The Cabinet approved a proposal yesterday requiring schools and government agencies to take the lead in lowering power consumption to achieve national goals on energy conservation and the reduction of greenhouse gas emissions.
“It’s possible that these institutions can meet the goal this year as their combined electricity consumption last year was just 0.16 percent higher than in 2006, very close to zero growth,” Bureau of Energy Director-general Yeh Huey-ching (葉惠青) said.
The growth rate of 0.16 percent — down from 2006’s annual growth of 1.42 percent — was far below the national growth rate in electricity consumption of 3.28 percent, Yeh said.
The Cabinet hopes schools and government agencies can adopt energy-saving measures that could help lower the nation’s electricity consumption by 7 percent by 2025, resulting in a 537,000-tonne drop in carbon dioxide emissions, he said.
Yeh said police stations, fire stations and government institutions involved in healthcare, national defense and construction are exempt from the requirements to maintain their routine operations.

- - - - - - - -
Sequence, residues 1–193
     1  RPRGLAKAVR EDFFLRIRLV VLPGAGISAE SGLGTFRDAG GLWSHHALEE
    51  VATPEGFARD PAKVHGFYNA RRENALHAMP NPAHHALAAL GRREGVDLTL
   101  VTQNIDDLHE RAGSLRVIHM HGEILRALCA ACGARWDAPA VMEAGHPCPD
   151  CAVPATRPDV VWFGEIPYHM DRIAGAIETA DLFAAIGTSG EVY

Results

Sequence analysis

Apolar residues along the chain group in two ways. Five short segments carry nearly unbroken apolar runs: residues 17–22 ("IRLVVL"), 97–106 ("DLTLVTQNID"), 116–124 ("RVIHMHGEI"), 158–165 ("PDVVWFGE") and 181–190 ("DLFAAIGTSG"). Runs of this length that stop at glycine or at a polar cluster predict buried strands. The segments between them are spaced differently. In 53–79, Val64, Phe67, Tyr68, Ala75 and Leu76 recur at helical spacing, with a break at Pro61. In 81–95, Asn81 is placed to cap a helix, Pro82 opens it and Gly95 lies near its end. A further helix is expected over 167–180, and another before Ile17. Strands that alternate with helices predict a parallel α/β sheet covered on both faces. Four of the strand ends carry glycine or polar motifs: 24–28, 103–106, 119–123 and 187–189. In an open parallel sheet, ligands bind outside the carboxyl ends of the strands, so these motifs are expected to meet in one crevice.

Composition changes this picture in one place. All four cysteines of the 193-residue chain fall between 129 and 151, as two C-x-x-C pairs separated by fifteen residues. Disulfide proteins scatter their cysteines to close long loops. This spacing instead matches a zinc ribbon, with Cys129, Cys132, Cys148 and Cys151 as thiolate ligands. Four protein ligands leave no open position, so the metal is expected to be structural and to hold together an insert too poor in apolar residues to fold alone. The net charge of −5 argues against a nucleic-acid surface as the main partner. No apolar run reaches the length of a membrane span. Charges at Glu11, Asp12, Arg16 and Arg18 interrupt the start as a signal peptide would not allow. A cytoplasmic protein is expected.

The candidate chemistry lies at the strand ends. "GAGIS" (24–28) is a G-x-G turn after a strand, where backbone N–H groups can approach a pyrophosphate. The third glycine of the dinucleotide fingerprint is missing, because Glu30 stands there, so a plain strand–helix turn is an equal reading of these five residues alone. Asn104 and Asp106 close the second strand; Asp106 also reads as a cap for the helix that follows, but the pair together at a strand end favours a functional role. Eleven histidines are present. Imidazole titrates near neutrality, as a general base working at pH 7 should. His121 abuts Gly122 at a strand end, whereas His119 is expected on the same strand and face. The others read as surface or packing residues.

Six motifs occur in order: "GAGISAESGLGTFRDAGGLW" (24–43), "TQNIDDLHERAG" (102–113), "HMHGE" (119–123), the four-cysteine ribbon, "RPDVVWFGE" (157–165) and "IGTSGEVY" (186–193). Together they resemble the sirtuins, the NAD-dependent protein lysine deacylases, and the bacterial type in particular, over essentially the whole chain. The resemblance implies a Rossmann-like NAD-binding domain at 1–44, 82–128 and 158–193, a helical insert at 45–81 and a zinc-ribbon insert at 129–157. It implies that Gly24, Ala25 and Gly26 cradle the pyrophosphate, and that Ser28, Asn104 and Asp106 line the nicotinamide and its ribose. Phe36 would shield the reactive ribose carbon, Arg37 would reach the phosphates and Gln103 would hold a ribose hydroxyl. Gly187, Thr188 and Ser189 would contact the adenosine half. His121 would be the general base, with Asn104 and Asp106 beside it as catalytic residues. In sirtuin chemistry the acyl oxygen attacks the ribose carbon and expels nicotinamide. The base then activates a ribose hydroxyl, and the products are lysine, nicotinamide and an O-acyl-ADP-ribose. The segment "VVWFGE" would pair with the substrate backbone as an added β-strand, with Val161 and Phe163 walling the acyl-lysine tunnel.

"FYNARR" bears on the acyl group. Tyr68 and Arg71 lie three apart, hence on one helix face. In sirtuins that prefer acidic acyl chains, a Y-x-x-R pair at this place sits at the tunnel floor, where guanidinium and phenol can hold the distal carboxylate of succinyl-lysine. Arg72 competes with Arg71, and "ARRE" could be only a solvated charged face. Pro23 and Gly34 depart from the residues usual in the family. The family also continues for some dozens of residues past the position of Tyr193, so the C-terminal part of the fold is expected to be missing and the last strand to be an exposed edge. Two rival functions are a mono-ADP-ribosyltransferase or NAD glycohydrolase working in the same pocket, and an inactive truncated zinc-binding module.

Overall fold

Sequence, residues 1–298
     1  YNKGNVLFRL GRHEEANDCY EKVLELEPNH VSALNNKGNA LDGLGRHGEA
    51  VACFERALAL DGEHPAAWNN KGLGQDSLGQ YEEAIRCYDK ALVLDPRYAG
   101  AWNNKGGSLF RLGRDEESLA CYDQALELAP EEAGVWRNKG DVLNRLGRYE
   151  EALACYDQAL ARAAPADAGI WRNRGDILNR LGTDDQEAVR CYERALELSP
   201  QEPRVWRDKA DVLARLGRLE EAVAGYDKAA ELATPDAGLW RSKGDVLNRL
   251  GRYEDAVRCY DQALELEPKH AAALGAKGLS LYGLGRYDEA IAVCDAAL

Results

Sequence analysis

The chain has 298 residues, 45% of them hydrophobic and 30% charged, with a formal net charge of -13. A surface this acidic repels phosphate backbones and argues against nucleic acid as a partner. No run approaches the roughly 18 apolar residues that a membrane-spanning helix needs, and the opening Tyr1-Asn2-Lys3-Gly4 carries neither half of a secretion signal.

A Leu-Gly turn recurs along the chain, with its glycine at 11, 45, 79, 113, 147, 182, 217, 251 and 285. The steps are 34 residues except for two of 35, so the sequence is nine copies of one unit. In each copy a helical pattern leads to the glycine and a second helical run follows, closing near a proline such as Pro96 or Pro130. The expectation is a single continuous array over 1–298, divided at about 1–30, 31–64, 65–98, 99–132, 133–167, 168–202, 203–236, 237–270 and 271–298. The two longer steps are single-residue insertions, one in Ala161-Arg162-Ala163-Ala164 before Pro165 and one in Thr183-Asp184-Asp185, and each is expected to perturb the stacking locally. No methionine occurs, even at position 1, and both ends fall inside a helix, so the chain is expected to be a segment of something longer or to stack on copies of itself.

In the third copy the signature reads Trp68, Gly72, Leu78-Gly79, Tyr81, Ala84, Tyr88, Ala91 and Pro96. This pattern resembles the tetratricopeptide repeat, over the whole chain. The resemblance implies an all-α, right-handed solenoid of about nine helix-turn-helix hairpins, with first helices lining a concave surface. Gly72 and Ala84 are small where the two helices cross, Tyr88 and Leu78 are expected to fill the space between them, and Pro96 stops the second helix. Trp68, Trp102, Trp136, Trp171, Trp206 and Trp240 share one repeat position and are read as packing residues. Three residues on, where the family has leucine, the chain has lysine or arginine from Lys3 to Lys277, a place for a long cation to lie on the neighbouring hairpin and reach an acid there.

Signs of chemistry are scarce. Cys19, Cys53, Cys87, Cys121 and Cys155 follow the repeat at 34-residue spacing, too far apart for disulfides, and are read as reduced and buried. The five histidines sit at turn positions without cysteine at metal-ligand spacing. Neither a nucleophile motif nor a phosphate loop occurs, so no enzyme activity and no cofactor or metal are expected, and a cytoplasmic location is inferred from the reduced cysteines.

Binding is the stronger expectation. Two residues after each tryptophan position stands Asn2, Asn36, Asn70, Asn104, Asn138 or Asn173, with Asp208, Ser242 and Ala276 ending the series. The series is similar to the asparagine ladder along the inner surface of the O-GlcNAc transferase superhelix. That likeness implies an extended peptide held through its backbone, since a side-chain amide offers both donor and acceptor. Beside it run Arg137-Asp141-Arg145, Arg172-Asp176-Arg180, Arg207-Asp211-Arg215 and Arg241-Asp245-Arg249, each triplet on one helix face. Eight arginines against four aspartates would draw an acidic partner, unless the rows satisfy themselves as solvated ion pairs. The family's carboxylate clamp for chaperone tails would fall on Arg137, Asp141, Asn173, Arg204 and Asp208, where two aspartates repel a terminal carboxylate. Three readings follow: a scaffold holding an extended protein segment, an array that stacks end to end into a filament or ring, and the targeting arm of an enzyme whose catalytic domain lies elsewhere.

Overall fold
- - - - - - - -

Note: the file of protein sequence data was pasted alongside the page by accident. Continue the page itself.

The ministry would work with the Research, Development and Evaluation Commission of the Executive Yuan to establish a task force to assess the performance of the institutions, Yeh said.
The bureau has come up with more than 50 energy-saving tips for institutions to follow, he said.
“Public servants are encouraged to share vehicles with others when on business errands,” he said as an example.
In related story, the new members of the Control Yuan may find their hands full when they take office today, as several environmental groups plan to ask them to immediately probe “10 scandals” related to environmental destruction.
The 10 cases all took place in Taipei when President Ma Ying-jeou (馬英九) was the mayor.
“We would like to know if the Control Yuan dares to investigate these cases, which occurred when the most powerful man [in Taiwan] now was one of the decision-makers [in Taipei],” Jay Fang (方儉), a member of the Green Consumers Foundation, said yesterday.
The environmental disputes include several important construction projects, including the Taipei Maokong Gondola (which the environmental groups say evaded any environmental impact assessment), the Taipei Arena and the demolition of historical monuments such as the 102-year-old Dalong elementary school, Fang said.
Fang said his foundation has high expectations of new Control Yuan President Wang Chien-shien, but that they have doubts about the limits of Wang’s authority.
The 10 cases caused an estimated NT$100 billion (US$3.28 billion) in economic damages and environmental destruction, Fang said.